Patience, Love and Hospitality

Have you ever had the experience of being ready for something, but having to wait? Such experiences try your patience, don’t they?

It doesn’t matter if you are young or old, everyone deals with the pressure of expectation in every phase of living. Young people tend to be accused of being impetuous, but I have seen my fair share of adults acting without thinking, trying to force things to happen before they are ready. “Type A” people tend to prefer this approach as a rule: they “make” things happen. But in so doing they often find that bringing things to fruition before they are ripe typically diminishes your enjoyment of the fruit (aka your fulfillment in living).

“Type A” people also tend to define patience rather narrowly. They see it as a weak-kneed, passive approach to living and they see people who call themselves “patient” as pushovers. But are they?

What is patience, anyway? Is it simply as my dictionary states: “the capacity to accept or tolerate delay, trouble, or suffering without getting angry or upset”? Or is there something more to it?

To my mind patience is more than resignation and even more than acceptance. It is an active state of abiding, a deliberate and persistent, conscious recognition that things will not always be as they are now. Moreover, it is the willingness to remain sufficiently still, that is, to let, as it was put, “not your heart be troubled” so that you can hear and see and therefore know when the factors of circumstance line up with the inner, or spiritual factors at work in the situation.

This sense of the fitness of things, of right timing, and of right action in relation to the right timing is developed over time. It comes more to focus in you as you relinquish your personal wants and fears – not in the sense of resignation, acquiescence, or passivity to the outer factors of circumstance – but in the sense of relaxing more deeply into the inner flowing of the spirit of love.

It is true that love always finds a way, but it only does so as there are hearts and minds that are truly yielded to it. Love needs a vehicle for its expression; it doesn’t just manifest randomly or without a form for its expression.

The greatest victim of human impatience is the spirit of love itself. Love cannot be rushed, forced or brought into manifestation by force of human imagination or will. If you deliberately make room in your heart, in the spirit of hospitality, for the seeds of love to form and grow in you, they will.

Love loves to find expression in the earth. However, love cannot violate its own rules of manifestation. As much as love loves to be made manifest, love cannot be bent by human volition. Love cannot be arbitrarily molded into shapes determined by human imagination. If you’ve ever tried to pound it into shape, you likely felt it slipping away from you.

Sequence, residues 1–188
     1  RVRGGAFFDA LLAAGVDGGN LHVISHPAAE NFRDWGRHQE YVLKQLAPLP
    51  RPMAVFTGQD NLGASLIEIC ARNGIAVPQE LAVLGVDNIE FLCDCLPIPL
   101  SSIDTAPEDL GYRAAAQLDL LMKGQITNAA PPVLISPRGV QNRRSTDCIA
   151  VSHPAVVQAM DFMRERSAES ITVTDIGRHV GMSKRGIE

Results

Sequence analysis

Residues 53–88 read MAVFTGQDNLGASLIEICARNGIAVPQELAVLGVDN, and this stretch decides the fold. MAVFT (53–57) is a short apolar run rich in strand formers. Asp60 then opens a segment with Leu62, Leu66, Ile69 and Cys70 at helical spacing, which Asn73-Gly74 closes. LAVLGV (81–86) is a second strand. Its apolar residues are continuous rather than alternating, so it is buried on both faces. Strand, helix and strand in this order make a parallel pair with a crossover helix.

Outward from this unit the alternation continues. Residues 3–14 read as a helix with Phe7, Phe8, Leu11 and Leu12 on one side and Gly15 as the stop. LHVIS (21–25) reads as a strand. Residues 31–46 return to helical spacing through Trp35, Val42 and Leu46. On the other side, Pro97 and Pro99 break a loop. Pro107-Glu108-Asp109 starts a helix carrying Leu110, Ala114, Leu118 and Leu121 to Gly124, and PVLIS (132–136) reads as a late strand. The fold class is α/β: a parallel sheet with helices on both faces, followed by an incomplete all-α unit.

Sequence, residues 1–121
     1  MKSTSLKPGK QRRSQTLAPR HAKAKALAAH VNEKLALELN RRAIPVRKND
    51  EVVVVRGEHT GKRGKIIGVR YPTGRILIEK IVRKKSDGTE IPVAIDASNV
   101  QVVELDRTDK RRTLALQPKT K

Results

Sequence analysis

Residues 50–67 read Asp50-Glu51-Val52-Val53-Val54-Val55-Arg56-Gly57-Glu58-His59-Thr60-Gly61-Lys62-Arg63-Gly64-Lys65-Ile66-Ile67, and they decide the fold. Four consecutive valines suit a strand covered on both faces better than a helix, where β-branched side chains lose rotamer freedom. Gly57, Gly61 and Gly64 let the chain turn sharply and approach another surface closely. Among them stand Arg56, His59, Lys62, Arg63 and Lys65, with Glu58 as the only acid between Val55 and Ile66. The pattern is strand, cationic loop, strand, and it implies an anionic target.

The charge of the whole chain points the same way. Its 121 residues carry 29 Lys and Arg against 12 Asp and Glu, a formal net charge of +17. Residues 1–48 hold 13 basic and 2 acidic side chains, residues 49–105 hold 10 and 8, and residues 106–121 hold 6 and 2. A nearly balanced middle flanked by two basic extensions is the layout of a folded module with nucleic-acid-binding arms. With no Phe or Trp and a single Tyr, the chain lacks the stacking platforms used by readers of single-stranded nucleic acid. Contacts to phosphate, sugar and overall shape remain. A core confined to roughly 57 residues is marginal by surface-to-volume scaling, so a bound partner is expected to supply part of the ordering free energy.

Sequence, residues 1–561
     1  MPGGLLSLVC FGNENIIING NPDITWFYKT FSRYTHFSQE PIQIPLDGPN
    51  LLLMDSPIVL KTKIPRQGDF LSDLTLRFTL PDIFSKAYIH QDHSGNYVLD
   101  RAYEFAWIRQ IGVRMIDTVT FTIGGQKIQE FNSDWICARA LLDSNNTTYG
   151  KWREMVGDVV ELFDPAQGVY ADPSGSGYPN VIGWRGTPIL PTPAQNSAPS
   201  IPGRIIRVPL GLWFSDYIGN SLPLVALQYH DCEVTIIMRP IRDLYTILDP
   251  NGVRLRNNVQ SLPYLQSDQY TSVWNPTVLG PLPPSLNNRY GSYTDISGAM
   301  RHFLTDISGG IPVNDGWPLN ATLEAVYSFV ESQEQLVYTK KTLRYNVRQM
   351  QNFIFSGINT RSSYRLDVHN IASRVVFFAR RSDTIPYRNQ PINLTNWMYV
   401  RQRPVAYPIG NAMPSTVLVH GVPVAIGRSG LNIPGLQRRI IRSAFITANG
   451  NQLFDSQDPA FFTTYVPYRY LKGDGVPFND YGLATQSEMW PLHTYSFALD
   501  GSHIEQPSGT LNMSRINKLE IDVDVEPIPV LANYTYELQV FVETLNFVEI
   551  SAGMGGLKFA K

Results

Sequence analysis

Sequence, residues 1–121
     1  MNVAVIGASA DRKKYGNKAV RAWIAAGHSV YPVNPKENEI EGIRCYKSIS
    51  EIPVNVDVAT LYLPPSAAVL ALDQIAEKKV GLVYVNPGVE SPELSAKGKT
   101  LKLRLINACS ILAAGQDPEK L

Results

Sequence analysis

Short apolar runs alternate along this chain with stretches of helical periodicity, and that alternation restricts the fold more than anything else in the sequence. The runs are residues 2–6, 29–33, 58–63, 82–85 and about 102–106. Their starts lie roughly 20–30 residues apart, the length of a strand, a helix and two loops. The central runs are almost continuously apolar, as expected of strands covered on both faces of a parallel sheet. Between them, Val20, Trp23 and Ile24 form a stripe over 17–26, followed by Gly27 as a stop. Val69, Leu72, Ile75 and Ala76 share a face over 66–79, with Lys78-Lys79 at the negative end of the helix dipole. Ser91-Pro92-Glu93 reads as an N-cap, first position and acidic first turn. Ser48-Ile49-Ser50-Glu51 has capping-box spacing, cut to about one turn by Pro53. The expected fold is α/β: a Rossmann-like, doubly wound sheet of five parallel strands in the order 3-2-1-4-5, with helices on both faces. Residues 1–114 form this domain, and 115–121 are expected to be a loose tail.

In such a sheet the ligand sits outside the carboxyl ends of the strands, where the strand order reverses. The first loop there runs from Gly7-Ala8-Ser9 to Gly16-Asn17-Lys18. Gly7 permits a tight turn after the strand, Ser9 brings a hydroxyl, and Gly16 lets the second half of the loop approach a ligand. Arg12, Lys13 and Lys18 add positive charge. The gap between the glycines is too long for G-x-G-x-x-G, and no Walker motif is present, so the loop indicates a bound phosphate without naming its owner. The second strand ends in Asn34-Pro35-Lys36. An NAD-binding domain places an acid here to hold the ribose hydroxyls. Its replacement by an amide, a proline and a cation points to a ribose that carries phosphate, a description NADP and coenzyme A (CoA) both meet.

I believe that our central purpose on earth relates to the accommodation of the spirit of love in us and the expression of love through us. Doing that requires a more mature relationship to patience than most have been willing to cultivate in themselves. It is perhaps easier to be impatient, to give one’s heart to the pressure of expectation in this way, but doing so rarely leads to fulfillment. In fact, I would argue that impatience is the leading killer of fulfillment in the world today.

In patience is the acceptance of the factors – inner and outer – as they now are, with the recognition that all things – inner and outer – change in due time. Patience relates both to an active letting go of the tendency to try to control and force things to be a certain way with an equally energetic letting go to the purposeful and strategically timed pulsations of the spirit of love.

In a sense I suppose we have to come to trust love more than we would like to or perhaps in some cases have tended to, in order to benefit more fully from the intelligent design of love. Love only leaves you if you leave it through impatience and a host of other ill attitudes that are beyond the scope of this post.

If you have felt the pulsation of love in your heart (and it is kind of unmistakeable when it is truly love), you know that there is nothing more breathtaking, more majestic, or more deeply satisfying. So it makes sense, then, to dedicate ourselves to learning to be the most gracious hosts of love in our hearts that we can be in any given moment. Nothing matters more than this.

A gracious host doesn’t rush his or her guest. A gracious host puts the needs of his or her guest ahead of his or her own. A gracious host is simply that: gracious.

Have a great day, dear readers, and thank you for everything you do in your heart and mind to make a safe and nourishing home for the spirit of love in you. Do this and you need not find love; love will find you.

2 thoughts on “Patience, Love and Hospitality

  1. Thank you for your refining words. It seems we are constantly pushed to get on with we need to do losing sight of and the experience of what really matters. Waiting for time to experience what matters virtually never comes and if it comes it is fleeting and never enough. As I take your words to heart stopping in this moment to appreciate and to know them, time stops and the experience of eternity now rather than later is known. Here there is an establishment, in the timing that brings continual living fulfillment. Again thank you for providing a life calibrating influence.

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